Thor is getting the Marvel-Verse treatment this week, which is Marvel’s digest-sized mini-collection starter pack. Typically in the Marvel-Verse trade paperback, readers get a taste of the character’s traditional form, a more kid-friendly take, and a general sense of who the character is at their core. This week, Thor gets the focus, which quite frankly feels rather late since many more characters have gotten the Marvel-Verse treatment!
For a recap of all the Marvel-Verse books, be sure to read our reviews for Marvel-Verse: Spider-Man, Hawkeye, Doctor Strange, Shang-Chi, Captain Marvel, Deadpool & Wolverine, Iron Man, Venom, Thanos, and Black Panther — each one features a smattering of stories from the title character’s history.
Collected here is Thor the Mighty Avenger (2010) #1-2, Marvel Adventures: Super Heroes (2008) #7, Thor: Crown of Fools (2013) #1, Thor: Where Walk the Frost Giants (2017) #1, and material from Marvel Adventures: Super Heroes (2010) #19. Somewhat shockingly, most of these are modern stories, although there are some retellings from earlier eras for the character as well. It gives the entire book a kid-friendly vibe that differs from previous Marvel-Verse collections, which can feel like a smattering of stories showing off the character in different lights.
This book opens with a two-issue story by Roger Langridge and Chris Samnee that features a younger Thor. Samnee’s art is fantastic, delivering on comedic timing, character acting, and action that feels real. He faces off against Mister Hyde, who matches his strength well.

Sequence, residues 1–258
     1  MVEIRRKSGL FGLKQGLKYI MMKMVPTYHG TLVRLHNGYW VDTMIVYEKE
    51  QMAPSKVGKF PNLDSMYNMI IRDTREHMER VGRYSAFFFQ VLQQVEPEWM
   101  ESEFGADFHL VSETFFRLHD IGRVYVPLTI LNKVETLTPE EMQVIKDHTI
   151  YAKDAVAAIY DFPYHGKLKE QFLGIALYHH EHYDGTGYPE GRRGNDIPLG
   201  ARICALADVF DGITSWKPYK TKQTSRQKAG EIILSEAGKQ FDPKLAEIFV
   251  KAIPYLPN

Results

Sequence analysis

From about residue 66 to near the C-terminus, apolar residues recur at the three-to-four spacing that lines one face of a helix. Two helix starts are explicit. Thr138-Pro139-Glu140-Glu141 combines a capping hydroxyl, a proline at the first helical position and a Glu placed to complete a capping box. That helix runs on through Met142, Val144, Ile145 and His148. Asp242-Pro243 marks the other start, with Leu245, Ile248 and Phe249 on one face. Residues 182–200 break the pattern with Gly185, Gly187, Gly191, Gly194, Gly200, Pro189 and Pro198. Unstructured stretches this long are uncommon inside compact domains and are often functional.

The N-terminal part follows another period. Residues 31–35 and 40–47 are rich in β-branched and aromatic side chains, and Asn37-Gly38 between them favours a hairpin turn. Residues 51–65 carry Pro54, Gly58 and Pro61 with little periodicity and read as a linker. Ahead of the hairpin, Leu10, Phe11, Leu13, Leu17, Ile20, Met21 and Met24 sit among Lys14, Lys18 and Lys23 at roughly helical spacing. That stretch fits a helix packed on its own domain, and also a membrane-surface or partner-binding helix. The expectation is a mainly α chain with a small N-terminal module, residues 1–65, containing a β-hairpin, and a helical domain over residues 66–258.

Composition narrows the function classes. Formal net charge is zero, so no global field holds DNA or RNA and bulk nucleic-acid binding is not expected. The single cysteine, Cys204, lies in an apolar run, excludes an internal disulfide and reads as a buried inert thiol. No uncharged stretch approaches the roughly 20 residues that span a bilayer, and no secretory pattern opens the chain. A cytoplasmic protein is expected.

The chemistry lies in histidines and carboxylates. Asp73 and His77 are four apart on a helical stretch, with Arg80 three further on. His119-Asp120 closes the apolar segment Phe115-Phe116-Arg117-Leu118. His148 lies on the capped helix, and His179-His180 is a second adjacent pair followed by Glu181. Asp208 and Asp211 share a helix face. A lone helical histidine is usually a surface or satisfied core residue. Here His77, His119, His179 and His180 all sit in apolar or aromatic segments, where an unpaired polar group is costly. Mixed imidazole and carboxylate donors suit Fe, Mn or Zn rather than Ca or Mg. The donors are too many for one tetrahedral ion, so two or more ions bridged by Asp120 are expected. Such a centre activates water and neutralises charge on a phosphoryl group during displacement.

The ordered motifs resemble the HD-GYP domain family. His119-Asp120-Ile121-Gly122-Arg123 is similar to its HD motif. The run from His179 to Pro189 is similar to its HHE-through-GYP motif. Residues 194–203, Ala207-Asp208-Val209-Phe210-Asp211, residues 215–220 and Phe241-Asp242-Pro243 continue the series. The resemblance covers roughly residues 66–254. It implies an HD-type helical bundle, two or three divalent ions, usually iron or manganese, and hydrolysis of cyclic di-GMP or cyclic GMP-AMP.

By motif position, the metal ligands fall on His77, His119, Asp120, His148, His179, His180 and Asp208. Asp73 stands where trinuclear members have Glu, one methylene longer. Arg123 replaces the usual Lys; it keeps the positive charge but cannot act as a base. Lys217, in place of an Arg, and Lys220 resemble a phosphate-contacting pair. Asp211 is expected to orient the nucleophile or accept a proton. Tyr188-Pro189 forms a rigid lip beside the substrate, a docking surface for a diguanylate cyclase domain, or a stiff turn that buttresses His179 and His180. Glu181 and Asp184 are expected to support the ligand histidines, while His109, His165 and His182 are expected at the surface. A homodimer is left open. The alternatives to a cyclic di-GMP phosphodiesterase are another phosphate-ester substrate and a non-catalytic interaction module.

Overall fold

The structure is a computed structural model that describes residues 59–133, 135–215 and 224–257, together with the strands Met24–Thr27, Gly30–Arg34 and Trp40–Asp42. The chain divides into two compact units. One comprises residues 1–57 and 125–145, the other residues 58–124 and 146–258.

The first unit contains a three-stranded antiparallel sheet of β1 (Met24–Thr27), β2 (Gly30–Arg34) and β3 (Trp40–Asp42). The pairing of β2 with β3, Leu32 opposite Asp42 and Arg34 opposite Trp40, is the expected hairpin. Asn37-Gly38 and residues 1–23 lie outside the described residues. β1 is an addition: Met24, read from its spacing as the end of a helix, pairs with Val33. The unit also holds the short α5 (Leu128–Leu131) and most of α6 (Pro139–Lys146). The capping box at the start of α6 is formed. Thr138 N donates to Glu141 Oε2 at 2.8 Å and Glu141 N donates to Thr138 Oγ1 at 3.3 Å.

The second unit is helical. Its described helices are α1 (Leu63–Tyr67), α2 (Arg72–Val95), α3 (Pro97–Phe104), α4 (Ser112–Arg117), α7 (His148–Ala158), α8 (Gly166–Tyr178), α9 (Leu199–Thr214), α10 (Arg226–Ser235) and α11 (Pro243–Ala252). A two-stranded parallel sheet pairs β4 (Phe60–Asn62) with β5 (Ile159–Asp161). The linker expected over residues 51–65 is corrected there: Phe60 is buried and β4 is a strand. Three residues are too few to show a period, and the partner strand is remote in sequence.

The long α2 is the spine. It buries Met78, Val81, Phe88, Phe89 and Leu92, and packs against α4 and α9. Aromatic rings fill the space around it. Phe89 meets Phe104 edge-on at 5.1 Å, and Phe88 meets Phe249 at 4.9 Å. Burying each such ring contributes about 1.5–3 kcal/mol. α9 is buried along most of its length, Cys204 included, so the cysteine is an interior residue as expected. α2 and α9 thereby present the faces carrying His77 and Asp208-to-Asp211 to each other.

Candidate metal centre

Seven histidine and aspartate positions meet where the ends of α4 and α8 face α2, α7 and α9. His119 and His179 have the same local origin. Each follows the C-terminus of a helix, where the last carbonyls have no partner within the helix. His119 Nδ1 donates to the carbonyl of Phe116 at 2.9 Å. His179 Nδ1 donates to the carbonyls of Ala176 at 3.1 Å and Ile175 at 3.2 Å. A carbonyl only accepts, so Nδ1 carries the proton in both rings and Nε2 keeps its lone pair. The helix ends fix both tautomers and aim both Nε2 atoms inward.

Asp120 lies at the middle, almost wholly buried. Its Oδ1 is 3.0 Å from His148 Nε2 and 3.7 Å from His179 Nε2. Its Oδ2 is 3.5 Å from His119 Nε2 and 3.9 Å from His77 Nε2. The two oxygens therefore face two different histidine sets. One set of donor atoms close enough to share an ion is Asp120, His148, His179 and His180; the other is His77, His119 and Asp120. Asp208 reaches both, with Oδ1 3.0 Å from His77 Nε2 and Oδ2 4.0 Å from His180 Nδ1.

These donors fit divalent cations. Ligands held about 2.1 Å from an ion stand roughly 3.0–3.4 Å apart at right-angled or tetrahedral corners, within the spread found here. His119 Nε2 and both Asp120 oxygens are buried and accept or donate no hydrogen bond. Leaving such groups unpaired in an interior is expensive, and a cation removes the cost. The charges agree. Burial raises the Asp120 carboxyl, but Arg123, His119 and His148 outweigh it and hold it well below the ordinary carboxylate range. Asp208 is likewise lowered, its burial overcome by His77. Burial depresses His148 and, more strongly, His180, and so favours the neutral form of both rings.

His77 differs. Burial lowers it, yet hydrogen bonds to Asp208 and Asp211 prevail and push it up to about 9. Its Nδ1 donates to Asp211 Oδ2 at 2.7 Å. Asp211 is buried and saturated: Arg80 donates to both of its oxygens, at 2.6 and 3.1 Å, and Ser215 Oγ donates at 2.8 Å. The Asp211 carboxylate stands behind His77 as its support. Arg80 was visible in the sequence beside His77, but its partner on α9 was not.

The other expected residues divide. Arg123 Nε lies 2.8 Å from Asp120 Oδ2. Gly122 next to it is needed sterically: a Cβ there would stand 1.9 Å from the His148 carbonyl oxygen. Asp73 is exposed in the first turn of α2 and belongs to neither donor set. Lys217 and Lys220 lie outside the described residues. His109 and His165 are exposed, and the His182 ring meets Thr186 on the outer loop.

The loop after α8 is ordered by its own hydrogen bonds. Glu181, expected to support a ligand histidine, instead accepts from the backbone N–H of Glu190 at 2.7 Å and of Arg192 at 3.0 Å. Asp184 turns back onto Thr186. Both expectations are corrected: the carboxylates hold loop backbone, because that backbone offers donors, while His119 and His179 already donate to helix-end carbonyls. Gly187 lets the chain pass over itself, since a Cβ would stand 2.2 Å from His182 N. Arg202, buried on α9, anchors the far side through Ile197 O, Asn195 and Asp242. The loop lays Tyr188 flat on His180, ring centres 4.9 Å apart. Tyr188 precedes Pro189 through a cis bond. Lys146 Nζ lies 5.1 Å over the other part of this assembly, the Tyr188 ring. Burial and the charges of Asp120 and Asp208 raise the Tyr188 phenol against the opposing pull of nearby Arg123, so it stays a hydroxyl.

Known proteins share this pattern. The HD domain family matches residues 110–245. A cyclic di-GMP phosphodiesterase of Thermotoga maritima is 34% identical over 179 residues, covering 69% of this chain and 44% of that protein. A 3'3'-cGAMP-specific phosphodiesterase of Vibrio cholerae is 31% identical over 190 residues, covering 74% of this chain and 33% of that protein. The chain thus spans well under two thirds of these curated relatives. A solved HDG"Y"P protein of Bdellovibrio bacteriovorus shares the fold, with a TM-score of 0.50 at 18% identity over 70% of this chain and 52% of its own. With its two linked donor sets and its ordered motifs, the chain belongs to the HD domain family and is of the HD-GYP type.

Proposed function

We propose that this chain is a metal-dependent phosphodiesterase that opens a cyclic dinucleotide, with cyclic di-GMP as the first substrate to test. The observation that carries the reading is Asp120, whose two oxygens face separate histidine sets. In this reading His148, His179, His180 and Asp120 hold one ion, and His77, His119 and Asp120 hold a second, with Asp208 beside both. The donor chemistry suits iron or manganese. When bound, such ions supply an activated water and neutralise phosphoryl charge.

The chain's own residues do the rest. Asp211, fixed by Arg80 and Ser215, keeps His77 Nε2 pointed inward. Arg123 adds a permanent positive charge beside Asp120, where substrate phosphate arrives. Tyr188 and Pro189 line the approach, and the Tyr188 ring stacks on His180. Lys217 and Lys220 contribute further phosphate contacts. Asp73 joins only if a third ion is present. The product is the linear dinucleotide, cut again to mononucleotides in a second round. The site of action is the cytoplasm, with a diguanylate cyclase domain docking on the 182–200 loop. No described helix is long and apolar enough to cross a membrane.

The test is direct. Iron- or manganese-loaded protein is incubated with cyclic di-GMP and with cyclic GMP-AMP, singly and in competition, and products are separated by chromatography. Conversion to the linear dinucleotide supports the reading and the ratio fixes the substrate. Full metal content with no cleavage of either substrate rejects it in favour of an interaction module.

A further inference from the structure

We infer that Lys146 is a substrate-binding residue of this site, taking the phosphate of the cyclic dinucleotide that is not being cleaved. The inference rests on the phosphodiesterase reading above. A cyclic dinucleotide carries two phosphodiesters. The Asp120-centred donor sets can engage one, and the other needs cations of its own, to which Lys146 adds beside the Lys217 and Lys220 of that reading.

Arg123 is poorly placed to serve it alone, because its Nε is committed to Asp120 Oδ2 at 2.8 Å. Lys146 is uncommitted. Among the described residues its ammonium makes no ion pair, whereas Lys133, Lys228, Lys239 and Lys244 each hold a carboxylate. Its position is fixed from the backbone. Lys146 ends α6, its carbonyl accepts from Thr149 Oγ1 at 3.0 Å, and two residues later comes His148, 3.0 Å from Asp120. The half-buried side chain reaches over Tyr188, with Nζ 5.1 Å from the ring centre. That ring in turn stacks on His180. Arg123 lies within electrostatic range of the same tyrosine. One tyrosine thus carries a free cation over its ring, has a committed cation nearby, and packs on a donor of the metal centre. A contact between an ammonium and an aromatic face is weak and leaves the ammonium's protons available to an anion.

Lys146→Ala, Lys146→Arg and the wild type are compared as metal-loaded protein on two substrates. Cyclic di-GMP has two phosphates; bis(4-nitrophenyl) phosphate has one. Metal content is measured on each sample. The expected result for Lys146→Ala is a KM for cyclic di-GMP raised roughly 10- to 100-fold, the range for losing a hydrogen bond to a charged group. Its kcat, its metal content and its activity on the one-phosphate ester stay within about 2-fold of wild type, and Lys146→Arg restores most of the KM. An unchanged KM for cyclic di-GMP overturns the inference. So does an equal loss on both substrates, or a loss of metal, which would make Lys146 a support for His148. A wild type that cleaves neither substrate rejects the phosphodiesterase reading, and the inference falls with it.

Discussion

Next up, Louise Simonson and Rodney Buchemi tell a story with Thor in his ’90s era costume. This is the era where Thor has a secret identity as Donald Blake. It’s a good representation of this era of Thor with the secret identity as well as has Loki pop in.
This is followed by a short but sweet story from Joe Caramagna and Kevin Sharpe showing how Loki and Thor’s father messes around with them. Loki gets time to shine and there’s a touching moment where Thor isn’t happy that Loki loses at all. It’s a nice way to show how he truly is worthy of Mjolnir.
Bryan J.L. Glass and Andrea Di Vito tell a tale that heavily is influenced by Asgard. It’s a swashbuckling affair with Thor wearing some sleeker garb.
Wrapping up the book is a story by Ralph Macchio and Todd Nauck featuring plenty of Frost Giant action. This story leans into the fantasy elements, Asgard, and even features Thor riding a pegasus.
Marvel-Verse: Thor is a great collection for the younger reader who is interested in the character, but isn’t looking for complex tales. It’s geared more for younger readers more than most Marvel-Verse stories, but that’s not necessarily a strength if you’re an older reader just trying to understand the character for the first time.
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